The love of money is the root of all evil1.
Time and time again we hear this saying. We resolve not to fall into the trap of money love. Unfortunately when faced with money love triggering situations, many of us fail. Why is it important not to love money?
Money in itself is not bad. It is used to acquire things required for living. In the good old days, people exchanged goods for goods – barter trade. The system was based on using what you had to get what you wanted. However, our fore fathers found that buying and selling in this way was filled with setbacks .This led to the invention of money. It became very convenient and easy to use. Its advantages were enjoyed by all and soon greed crept into man. The need for grabbing and acquiring money at all costs became the order of the day.
The bible says you cannot serve two masters2. You cannot serve both God and money. Money satisfies needs. Loving money however, means constantly choosing money over God. Keeping money at the centre of all decisions, choosing money over what is right. Loving money increases the tendency to give up our principles to acquire it, opening us up to sin and destruction.
In the bible, there is a story about King Saul 3. After the war, he chose to take the plunder- sheep and oxen (which in his time constituted material wealth to be acquired from conquered enemies as spoils of war) instead of sacrificing it to God. At times the love of money is synonymous with the love of other material things like power 4. King Saul decided that he would no longer wait for God’s chief priest to come and give the sacrifice. There he decided to stand in and do the sacrifice himself against God’s instruction. His decision in itself was not bad. It was the impatience and disobedience that grieved God.
By disobeying God and not waiting for God’s chief priest to offer sacrifice, he opened himself more to further sin. The sin of doubt and total trust in God’s methods, degenerated into the love of materialism for which God rejected Saul as king5 .From then on, Saul fell out of favour with God and the sin of greed led to his ultimate death. His personal desire for power blinded him from accepting God’s will to crown David. The more he disobeyed, the more he walked into his destruction and final demise.
In the New Testament, another example was Judas Iscariot the betrayer. He was initially one of the ‘chosen’ apostles. He was a good man. However, as soon as he started to disobey God’s plan through Jesus, he opened himself again to disaster. One day, Jesus talked about being the bread of life emphasizing on the eating of his flesh and the drinking of his blood6. Jesus knew the ones who did not believe his teachings and he knew his betrayer7. During the conversation, it was clear through Judas’s utterances that he did not believe in this teaching. This disbelief led to Judas ultimately being likened by Jesus to the devil8 . In the end, money love led him to betray Jesus.
Unbelief and disobedience stains us as Christians. It turns us into the likeness of the devil whose only nature is to perfectly rebel against God. The sad news is that once this disobedience takes hold, it degenerates into all sorts of sin. By disobeying God, we automatically choose to serve all but God. ‘Self ‘ becomes what is served. To satisfy ‘self’ ultimately leads to seeking things to gratify ‘self’ and what better object than money!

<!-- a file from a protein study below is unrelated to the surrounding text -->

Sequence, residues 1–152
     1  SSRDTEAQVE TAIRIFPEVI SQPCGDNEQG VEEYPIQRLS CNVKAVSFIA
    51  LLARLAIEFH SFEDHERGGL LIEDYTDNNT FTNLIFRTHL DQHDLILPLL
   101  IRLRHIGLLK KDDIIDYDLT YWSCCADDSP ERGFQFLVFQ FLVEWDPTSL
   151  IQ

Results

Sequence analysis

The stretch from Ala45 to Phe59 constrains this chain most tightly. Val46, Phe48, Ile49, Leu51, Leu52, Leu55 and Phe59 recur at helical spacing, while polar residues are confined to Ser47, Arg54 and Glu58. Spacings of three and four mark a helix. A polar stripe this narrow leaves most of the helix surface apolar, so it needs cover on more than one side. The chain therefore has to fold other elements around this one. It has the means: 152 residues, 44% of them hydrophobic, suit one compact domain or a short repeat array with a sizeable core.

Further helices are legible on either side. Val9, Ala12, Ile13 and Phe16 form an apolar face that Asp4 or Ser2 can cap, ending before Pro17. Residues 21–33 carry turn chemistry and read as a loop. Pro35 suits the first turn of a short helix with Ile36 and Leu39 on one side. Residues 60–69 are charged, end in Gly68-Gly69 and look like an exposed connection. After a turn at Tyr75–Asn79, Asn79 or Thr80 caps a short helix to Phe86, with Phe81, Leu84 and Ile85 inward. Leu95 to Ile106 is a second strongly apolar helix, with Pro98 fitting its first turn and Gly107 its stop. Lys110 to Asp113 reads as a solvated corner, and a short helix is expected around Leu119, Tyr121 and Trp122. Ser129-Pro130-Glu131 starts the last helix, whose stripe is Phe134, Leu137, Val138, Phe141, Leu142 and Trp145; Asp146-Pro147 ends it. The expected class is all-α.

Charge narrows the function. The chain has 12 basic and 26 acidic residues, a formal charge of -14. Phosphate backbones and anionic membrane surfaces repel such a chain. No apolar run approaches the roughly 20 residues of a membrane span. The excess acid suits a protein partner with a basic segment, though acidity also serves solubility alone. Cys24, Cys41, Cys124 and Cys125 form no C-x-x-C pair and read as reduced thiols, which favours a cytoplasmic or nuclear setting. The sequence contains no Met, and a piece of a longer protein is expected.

Ananias and Sapphira 10 also decided to hold back and disobey. The rule the early Christians had was for each person to sell all they had for the communal good. By joining the fold, one became automatically bound by this rule. However, this couple thought they knew better (disobeyed) and what happened? Greed crept in. The bible says that they held back part of their possessions for themselves and this led to their death11.
Many of us do not set out to love money especially as Christians. We know it is wrong. We have this drummed up into us through our lives and we know all the examples. The sad thing is that this does not exempt us from falling into this trap. By disobeying and disbelieving God in even the smallest way, we become open to the danger of money love.
We must make a constant and consistent choice to obey God and focus on faith and not on materiality including ‘self’. Everything material is temporary and passing, that is, money, wealth, fame, family, ‘self’ etc . Let us always remember what St Paul said ‘we do not look at the things which are seen but at the things unseen. For the things that are seen are temporary, but the things which are unseen are eternal’12. God is eternal, he gives great gifts13 . By accepting his gifts, we bear fruits of love, joy, peace, forbearance, kindness, goodness, faithfulness, gentleness, and self control 14 . Let us nurture and grow these, make them our focus and he will meet our needs according to his riches in glory 15
1(1 Timothy 6:10); 2(Matthew 6:24); 3(1 Samuel 15:21-25); 4(1 Samuel 13:11-14); 5(1 Samuel 15:23); 6(John 6:53-59); 7(John 6:64); 8(John 6:70); 9( Matthew 26:15); 10(Acts 5); 11(Acts 5:2); 12(2 Corinthians 4:18); 13(1 Corinthians 12); 14(Galatians 5: 22-23); 15(Matthew 6:33, Philippians 4:19)
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